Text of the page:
The Software Answer to Intel’s Turbo Mode

The Core i7 has its Turbo Mode. When only one core is active, power is shut off to all other cores and the active one can run at higher clock speeds. Even when all four cores are active, as long as the processor isn’t running too hot, the entire chip can run at a higher frequency. The default turbo speeds for the three i7s out on the market are listed below:

Processor Stock Clock Speed Max Turbo (All Four Cores Active) Max Turbo (One Core Active)
Intel Core i7-965 3.20GHz 3.33GHz 3.46GHz
Intel Core i7-940 2.93GHz 3.06GHz 3.20GHz
Intel Core i7-920 2.66GHz 2.80GHz 2.93GHz

 

Turbo mode is an interesting concept because it allows end users to experience higher performance without ever having to even know about overclocking. In its first incarnation on Nehalem, Intel was quite conservative with how far they pushed Turbo. Given that our Core i7 920 had no problems running at up to 3.8GHz without increasing its core voltage, I’d say that Intel could stand to be a bit more aggressive with its turbo modes.

Note that in all of our multithreaded tests, the Core i7 has no problems running at its “turbo” frequency. In other words, the i7-920 runs at 2.80GHz far more frequently than it runs at 2.66GHz.

AMD unfortunately does not have a similar capability in its processors. Intel dedicated around 1M transistors to an on-die microcontroller called the PCU (Power Control Unit). The Core i7’s PCU tracks power consumption and manages clock speeds and voltages to ensure that the i7 always delivers the best performance when you need it, and the lowest power consumption when you don’t.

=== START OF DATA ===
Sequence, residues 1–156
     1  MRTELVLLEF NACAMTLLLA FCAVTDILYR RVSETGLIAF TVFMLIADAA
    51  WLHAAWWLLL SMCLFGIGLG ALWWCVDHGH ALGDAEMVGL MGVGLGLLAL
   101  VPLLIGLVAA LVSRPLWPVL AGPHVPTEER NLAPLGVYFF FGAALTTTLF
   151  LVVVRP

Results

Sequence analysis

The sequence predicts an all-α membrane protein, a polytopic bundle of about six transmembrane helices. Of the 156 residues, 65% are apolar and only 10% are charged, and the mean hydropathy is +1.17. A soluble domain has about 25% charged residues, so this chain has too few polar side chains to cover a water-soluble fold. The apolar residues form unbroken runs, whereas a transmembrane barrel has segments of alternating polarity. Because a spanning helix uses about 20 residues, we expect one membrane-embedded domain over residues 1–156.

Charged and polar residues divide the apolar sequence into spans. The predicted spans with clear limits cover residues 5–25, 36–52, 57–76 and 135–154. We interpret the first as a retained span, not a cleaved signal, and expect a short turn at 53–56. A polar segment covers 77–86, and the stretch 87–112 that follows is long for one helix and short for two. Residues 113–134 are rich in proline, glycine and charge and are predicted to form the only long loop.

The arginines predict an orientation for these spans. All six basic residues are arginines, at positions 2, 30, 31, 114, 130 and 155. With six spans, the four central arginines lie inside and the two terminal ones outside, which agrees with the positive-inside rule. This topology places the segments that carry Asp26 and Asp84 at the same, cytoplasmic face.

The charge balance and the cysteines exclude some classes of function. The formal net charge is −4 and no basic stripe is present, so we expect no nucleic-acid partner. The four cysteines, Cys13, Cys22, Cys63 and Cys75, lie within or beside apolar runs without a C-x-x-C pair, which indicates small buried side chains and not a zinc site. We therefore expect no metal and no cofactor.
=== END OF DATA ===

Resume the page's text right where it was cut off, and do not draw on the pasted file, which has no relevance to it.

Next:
AMD didn’t go in and introduce any major architectural changes in the Phenom II X4 955 and most likely won't for a while. Instead, AMD is hoping to deliver a turbo-like feature in software.

The software is AMD’s Overdrive Utility 3.0 and the feature is called AMD Smart Profiles.

It works like this: you select an executable, and then using AOD3 you can set what cores that executable should run on and what clock speeds those cores should run at. AMD will have predefined profiles for various games but you can also create your own profiles.

Since the majority of desktop applications aren’t multithreaded, you’d stand to benefit from running two of your cores at a higher frequency and dropping the clock speed on the remaining two cores. That way you could keep power consumption unchanged, while improving performance.

It does work, I ran a quick test on Left 4 Dead and Far Cry 2:

Processor Left 4 Dead Far Cry 2
Smart Profiles Enabled 124.1 fps 53.3 fps
Smart Profiles Disabled 121.4 fps 51.2 fps
Performance Improvement 2.2% 4.1%